I have a visitor this week. Unfortunately, it’s not one I enjoy – an old injury has returned.
In 2010, I strained my sacrotuberous ligament. For those of you unfamiliar with pelvic anatomy, suffice it to say it’s a major pain in the a**.
Surprisingly, despite the pain, I have quite a few reasons to be grateful for it:
- It was my first yoga injury and taught me the functional differences between tendons, ligaments and muscles.
- It took me further down path of personal healing that’s become the focus of my teaching and business.
- It taught me to pay very, very close attention to my body’s messages.
- It led me to study with inspiring and life-changing friends and teachers like Donna Farhi and her senior teachers Lisa Petersen and Neil Goshal.
All great gifts, for sure.
But what does it want from me this time?
There’s a concept in the self-empowerment world called an “Upper Limit Problem”. (Check out Gay Hendricks’ book The Big Leap: Conquer Your Hidden Fear and Take Life to the Next Level for more).
Most of us hit upper limits all the time and quickly self-sabotage to bring ourselves back down to our habitually ingrained comfort level.
- You have a breakthrough at work and then get sick.
- You meet someone you really like and then act defensively or feel insecure.
- You have a great night out with your husband and then pick a fight on the way home.
We all do it.
I hit upper limits almost every day.
Lately I’ve been ramping up my physical strength training and reached a new level of accomplishment last Monday. So it was no surprise to me that
I started having lower back pain Tuesday…
Then I was too tired for spinning class Wednesday…
Then I started over-eating Thursday…
All classic signs that I am feeling too toned, too strong, and too good about myself for my internal hall monitor.
How does this relate to my old injury?
I suspect it’s back to challenge me to create new beliefs about myself – to embrace a new definition of myself as a strong, capable woman.
Luckily this time around, I have the tools to do just that.
Here are some steps I’m using to up-level my tolerance for feeling good that you can use to tackle your own upper limits too:
1. Name It.
Is this feeling/symptom an upper limit issue or something else? Ask yourself this question and listen for the answer, so you can start to identify what’s really going on.
Try journaling, meditating, walking, swimming – whatever method works best for you to receive inner guidance.
2. Love Yourself Relentlessly.
Treat yourself better than you ever have before. Nap, sauna & steam bath, take long walks, read just for fun, eat healthily, wake up 5 minutes early to enjoy the cup of tea you never make time for, or call up a friend who makes you laugh.
Acknowledge your fear of being less than, of growing and becoming more deeply you, and then overwhelm it with self-love and acceptance.
3. Dig Deep & Pay Attention.
This applies to all levels – physical, mental, and emotional. Physically, take extra care and stay present in your body as you move. Try holding back a bit while you work through the emotional and mental stuff.
Mentally and emotionally, give yourself the space and time for realizations to surface. Ask yourself – what benefits do you get from staying below your current limit? Aim to list out 25-30 reasons on paper; the more reasons you uncover, the deeper and more eye opening they’ll be.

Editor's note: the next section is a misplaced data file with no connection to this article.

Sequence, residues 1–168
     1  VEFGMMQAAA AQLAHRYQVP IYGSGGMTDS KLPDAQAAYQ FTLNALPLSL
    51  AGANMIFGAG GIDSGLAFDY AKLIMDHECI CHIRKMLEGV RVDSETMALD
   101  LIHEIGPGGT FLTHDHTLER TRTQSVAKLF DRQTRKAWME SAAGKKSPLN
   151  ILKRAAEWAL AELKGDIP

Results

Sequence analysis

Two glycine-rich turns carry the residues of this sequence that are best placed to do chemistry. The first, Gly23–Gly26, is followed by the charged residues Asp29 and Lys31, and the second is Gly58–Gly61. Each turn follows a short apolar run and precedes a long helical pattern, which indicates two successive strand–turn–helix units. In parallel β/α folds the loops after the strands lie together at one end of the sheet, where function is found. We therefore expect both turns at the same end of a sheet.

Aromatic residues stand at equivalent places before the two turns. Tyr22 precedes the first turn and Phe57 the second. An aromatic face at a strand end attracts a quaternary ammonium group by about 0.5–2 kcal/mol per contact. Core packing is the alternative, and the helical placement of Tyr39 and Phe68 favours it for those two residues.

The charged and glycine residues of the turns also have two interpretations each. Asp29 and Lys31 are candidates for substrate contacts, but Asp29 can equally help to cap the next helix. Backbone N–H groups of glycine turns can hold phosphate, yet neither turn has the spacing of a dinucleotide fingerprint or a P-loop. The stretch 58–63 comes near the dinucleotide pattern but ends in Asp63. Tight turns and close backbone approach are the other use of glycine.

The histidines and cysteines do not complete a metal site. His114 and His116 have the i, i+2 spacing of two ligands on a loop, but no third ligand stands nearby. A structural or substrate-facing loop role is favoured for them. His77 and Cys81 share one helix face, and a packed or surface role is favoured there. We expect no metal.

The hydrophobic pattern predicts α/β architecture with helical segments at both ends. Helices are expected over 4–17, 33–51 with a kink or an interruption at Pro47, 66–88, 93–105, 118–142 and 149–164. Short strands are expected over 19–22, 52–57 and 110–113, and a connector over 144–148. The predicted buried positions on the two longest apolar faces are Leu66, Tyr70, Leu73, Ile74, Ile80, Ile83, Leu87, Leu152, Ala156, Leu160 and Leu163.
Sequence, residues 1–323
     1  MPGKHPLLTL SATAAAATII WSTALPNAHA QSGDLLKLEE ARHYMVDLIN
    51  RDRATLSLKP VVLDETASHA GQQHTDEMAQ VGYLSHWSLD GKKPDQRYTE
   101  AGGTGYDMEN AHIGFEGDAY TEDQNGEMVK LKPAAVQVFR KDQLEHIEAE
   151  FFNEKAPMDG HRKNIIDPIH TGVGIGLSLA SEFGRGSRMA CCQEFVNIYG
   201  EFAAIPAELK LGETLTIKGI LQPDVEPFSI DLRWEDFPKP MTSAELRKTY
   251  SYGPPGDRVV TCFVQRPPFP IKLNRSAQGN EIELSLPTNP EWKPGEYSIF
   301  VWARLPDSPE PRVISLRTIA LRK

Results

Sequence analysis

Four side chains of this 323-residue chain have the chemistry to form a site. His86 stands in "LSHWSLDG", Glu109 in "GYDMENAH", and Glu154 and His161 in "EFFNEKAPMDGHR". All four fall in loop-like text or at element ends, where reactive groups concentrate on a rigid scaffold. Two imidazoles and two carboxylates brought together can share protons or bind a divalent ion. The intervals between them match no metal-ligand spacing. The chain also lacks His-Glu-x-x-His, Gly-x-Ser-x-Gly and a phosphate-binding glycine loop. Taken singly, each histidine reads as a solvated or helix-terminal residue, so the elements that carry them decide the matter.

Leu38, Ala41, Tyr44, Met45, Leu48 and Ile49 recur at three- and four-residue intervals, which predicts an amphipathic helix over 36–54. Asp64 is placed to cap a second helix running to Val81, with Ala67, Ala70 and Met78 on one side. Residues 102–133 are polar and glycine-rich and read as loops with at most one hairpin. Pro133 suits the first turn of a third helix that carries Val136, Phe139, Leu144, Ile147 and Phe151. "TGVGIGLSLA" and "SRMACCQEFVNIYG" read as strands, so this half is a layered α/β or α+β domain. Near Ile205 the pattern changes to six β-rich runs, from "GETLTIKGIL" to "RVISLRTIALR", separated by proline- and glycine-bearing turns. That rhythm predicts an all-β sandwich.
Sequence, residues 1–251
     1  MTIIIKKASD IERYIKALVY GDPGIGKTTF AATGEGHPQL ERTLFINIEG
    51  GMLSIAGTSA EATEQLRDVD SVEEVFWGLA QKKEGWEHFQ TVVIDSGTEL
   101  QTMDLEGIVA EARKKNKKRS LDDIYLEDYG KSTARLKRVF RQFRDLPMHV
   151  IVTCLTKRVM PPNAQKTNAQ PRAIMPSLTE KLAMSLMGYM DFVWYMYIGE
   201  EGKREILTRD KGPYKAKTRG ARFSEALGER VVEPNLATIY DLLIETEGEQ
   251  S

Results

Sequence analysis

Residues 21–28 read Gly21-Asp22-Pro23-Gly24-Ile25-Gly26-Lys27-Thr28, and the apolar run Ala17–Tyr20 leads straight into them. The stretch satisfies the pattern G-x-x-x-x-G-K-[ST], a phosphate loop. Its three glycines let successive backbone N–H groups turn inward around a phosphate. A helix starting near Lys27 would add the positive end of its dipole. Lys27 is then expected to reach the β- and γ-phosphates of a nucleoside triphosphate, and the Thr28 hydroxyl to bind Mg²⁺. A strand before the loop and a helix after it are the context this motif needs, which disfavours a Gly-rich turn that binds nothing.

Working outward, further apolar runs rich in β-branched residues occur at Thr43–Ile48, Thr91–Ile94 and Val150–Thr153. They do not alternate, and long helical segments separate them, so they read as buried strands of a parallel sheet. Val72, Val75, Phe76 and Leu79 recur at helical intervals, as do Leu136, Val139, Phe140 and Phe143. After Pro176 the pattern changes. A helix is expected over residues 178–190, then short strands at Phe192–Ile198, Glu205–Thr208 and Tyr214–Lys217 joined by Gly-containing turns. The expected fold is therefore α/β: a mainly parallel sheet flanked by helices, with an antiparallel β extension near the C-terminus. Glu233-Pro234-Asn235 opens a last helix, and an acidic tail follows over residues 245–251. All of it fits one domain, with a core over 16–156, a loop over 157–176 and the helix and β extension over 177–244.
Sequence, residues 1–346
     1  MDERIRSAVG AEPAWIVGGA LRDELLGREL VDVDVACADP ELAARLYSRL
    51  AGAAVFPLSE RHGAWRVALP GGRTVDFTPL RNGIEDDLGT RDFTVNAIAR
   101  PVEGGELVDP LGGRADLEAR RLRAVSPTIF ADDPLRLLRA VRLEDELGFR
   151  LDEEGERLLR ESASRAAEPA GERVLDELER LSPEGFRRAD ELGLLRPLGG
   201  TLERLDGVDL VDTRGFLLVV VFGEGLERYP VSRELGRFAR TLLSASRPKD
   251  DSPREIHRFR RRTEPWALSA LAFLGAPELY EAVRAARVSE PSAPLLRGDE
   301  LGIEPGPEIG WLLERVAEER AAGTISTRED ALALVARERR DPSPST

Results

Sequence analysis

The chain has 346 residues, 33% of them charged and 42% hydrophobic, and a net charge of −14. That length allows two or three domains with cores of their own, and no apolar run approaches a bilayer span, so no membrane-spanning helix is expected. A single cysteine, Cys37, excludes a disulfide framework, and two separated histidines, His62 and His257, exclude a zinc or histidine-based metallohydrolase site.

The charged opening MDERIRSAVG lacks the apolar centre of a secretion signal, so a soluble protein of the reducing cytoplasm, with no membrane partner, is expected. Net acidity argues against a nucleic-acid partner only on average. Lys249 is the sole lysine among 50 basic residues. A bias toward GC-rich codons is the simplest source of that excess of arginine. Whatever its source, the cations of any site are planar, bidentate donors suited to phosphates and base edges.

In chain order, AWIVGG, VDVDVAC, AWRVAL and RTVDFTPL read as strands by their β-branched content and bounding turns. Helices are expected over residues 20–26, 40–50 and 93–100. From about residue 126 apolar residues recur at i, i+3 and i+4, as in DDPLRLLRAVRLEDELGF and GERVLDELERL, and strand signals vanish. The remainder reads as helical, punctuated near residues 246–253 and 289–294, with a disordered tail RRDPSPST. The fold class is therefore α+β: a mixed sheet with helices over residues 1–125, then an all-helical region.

Once you have your list, pay attention to which of your actions, words, and behaviors reinforce your self-imposed limit. You can’t choose a new pattern and belief without clearly seeing the old one first. If it feels like you’re holding yourself back in every way, forgive yourself and revisit #2 – love yourself relentlessly.
4. Tap It Out.
Try using a tool like tapping – Emotional Freedom Technique (EFT) – to re-pattern the body’s habitual responses and release the belief.
If you’re not familiar with EFT, check out the upcoming tapping world summit.
5. Bring In the Big Guns.
Email the wisest friend / teacher / therapist / body worker you know and schedule a time to chat.
None of us got to this point without the influence of others and we can’t get out of it without new, positive influences either.
Like Albert Einstein said, insanity is “doing the same thing over and over again and expecting different results”. So find someone to support the changes you’re making and get to it!
These steps will help you increase your tolerance for feeling good. It might take a while and maybe the ceiling will only bump up a bit at first, but every bit counts when it comes to our happiness and success.
What problem in your life might actually be an upper limit? What can you do today to allow for more happiness in your life?
- What to do when you start slipping on your goals - January 9, 2019
- “But it’s not safe to be me…” 3 approaches to the fear of not being safe - January 7, 2019
- 3 tangible gifts of living your truth - January 5, 2019
When I hit my upper limit I numb. I have a whole bag of numbing tricks. I know when it’s coming because I feel light and energetic like I could fly. My internal hall monitor says “whoa honey, no running in the hall, your lookin’ a little too spunky, the other kids’ll make fun of you. Here carry this load of stuff and that’ll slow ya down.” My hall monitor then hands me whatever numbing, weighty thing that’s handy.
Thanks for the awareness Alexis! I am going track down my hall monitor and have a chat.
Thanks for sharing! It’s funny – for me, I’m equally frustrated by the result of the numbing action and the awareness that I’m numbing and still doing it anyway. I sleep too much, over-eat, eat sugar, drink coffee, avoid my yoga practice, etc. all knowingly! I give myself credit for awareness though – I can’t make a different choice without awareness. 🙂